Charles Prebish

Charles Prebish, scholar of American Buddhism, speaks with us about his book An American Buddhist Life: Memoirs of a Modern Dharma Pioneer.

As Buddhism has moved into new cultures and societies, it has done two things: it has created outposts of its historical traditions in those new locations and times, and it has evolved new forms that influence and are influenced by new locations and times. We see that today in the West, as temples are started adhering to a particular people’s religious framework for study, practice, and worship, while others more closely mirror the current social norms. In our contemporary Western culture, there is more inclination to secular attitudes, and so we see the development of a Buddhism that is informed by the past, but not adherent to it in all ways.

The wonderful opportunity we have is that these differing approaches can help one another, learn from one another, and contribute to one another to help foster the ongoing growth of a beneficial practice for people, regardless of their background.

Charles Prebish is among the most prominent scholars in studying the forms that Buddhist tradition has taken in the United States. Dr. Prebish has been an officer in the International Association of Buddhist Studies, and was co-founder of the Buddhism Section of the American Academy of Religion. In 1994, he co-founded the online Journal of Buddhist Ethics, which was the first online peer-reviewed journal in the field of Buddhist Studies. Prebish has also served as editor of the Journal of Global Buddhism and Critical Review of Books in Religion. In 1996, he co-founded the Routledge “Critical Studies in Buddhism” series, and currently co-edits the Routledge “World Religions” series of textbooks. He is also co-editor of the Routeldge Encyclopedia of Buddhism project. By the way, I would encourage you to come to the episode page for this episode, as I’ve included a link to a video talk Dr. Prebish gave that is a terrific resource, and simply fun to listen to.

So, sit back, relax, and have a nice Jasmine Mint tea.

:: Discuss this episode ::



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Music for This Episode


Chikuzen Shakuhachi Series

The music heard in the middle of the podcast is from the Chikuzen Shakuhachi Series, Volume 1, courtesy of Tai Hei Shakuhachi. The tracks used in this episode are:

  • Track 6 :: Esashi Oiwake

No Comments

  1. Charles Prebish on Secular Buddhism | SUMERU on June 11, 2012 at 4:34 pm

    […] Charles Prebish on Secular Buddhism By Yönten, on June 11th, 2012 Here’s a recent podcast with Charles Prebish by Ted Meissner on the Secular Buddhism blog: […]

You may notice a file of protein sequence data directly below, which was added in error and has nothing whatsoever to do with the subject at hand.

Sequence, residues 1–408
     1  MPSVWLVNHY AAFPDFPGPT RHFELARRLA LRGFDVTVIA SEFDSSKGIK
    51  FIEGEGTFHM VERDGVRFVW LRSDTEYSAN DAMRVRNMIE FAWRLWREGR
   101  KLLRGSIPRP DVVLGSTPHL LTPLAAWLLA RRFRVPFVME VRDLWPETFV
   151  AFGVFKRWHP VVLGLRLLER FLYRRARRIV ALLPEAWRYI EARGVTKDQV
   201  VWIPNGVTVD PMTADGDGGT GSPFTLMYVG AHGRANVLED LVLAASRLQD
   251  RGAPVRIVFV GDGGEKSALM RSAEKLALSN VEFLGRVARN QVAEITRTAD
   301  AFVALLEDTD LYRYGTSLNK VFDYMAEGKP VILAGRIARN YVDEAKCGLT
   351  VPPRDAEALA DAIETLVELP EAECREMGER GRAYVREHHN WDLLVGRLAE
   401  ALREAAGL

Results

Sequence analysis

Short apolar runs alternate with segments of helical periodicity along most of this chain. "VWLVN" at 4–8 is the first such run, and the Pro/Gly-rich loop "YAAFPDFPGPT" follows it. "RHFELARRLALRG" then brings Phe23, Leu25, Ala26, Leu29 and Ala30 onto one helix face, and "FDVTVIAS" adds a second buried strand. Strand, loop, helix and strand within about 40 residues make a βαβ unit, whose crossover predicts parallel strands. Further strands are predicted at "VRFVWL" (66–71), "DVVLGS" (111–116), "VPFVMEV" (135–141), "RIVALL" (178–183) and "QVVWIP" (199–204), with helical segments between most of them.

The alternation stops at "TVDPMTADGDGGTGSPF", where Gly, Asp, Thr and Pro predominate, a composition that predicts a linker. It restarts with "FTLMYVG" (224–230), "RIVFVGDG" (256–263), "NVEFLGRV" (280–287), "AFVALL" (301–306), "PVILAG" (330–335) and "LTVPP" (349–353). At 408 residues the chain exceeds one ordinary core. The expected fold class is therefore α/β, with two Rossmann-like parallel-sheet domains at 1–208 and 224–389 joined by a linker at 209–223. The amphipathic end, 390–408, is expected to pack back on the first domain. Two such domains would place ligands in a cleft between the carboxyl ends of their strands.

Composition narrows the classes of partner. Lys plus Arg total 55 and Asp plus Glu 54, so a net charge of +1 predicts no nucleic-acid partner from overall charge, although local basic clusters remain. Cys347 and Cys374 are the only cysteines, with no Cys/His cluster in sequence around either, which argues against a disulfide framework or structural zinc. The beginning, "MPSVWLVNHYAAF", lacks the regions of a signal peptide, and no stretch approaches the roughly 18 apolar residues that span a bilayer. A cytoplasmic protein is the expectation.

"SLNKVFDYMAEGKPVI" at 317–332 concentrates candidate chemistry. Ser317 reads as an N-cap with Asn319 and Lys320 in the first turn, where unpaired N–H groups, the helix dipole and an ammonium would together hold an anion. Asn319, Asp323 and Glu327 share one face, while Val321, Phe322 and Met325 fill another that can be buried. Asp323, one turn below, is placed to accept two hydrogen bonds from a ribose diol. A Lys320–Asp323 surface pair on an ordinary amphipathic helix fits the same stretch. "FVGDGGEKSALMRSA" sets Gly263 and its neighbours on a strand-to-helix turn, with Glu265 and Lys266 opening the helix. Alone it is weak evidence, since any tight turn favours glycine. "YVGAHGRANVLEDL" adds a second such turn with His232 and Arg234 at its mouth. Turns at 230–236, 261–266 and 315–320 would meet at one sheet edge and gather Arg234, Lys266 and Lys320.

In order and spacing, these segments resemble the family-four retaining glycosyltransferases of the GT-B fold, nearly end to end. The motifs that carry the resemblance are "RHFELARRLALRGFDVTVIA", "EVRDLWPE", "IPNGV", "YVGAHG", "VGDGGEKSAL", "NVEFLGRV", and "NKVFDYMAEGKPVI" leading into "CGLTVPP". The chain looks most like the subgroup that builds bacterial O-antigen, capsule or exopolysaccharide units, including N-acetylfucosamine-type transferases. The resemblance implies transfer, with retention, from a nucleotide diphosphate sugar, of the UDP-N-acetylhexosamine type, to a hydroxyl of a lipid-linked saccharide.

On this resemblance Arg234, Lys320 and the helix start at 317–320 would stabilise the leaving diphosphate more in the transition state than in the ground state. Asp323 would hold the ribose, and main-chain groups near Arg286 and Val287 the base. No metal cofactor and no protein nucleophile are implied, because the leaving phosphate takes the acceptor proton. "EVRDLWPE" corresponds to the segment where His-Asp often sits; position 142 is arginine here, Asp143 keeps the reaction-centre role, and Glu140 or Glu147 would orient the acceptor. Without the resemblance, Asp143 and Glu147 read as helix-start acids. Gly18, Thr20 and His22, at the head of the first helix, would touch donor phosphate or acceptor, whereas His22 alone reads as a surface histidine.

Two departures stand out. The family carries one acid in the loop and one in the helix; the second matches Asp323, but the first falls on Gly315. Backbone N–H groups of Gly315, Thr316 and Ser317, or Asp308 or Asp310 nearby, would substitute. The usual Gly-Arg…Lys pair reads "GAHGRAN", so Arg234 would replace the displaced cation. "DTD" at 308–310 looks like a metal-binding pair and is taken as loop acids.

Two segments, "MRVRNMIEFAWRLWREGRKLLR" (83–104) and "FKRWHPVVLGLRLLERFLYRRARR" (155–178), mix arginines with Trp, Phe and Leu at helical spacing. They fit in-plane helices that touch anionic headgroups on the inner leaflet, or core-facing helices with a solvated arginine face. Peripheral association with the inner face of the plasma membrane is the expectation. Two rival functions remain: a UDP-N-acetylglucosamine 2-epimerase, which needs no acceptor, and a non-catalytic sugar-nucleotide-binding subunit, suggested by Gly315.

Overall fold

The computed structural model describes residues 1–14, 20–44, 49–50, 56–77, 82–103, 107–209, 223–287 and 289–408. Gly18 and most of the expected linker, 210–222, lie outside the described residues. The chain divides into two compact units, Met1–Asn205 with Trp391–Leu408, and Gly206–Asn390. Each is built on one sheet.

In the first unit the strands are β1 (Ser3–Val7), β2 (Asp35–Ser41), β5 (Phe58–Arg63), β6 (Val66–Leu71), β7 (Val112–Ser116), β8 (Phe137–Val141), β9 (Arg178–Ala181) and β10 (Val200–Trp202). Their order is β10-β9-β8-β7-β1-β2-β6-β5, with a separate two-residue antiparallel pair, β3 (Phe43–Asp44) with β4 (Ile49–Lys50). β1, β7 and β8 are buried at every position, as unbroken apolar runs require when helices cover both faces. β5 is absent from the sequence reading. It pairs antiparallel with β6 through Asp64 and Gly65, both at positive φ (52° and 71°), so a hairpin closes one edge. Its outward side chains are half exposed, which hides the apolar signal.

2. Doug on June 12, 2012 at 7:43 am

    Thanks for that, Ted. It’s often struck me that Buddhism’s development in the west is sort of a ‘middle path’ between being a householder who just keeps the five precepts and being a monk.

    It’s an interesting new development, but I can see it creates strains along the way, as people learn to make space for it and deal with its new implications.

  3. Candol on June 12, 2012 at 8:38 am

    Another Nice talk.

  4. yeshe rabgye on June 13, 2012 at 10:28 pm

    Such an interesting interview. There is one thing thought – American Buddhism? Do you guys want to go it alone? What about the rest of the West? I feel if we have to call it something, and I’m not sure we do, Western Buddhism would be better. Though in my heart I think plain old simple Buddhism is good enough.

  5. Candol on June 14, 2012 at 7:09 am

    Yeshe, i have heard objections to calling it western buddhism. Those people suggested modern buddhism because even in some eastern cultures things are modernising fast and poeple want to follow buddhism in much the same way as we are in the west.

    But the main objection i would say to your objection is there is truth in American Buddhism just as there is truth in Australian buddhism or British Buddhism. So American buddhism does not mean going it alone. It just refers to what is going on in America.

    So we can have all the national buddhisms, traditional buddhism, modern buddhism, and secular buddhism. All mean different things and are applicable in different contexts. All are appropriate in the right context.

    Another term i have heard for modern buddhism was new buddhism though it doens’t seem to have taken hold of a collective imagination. I think its a nice alternative though.

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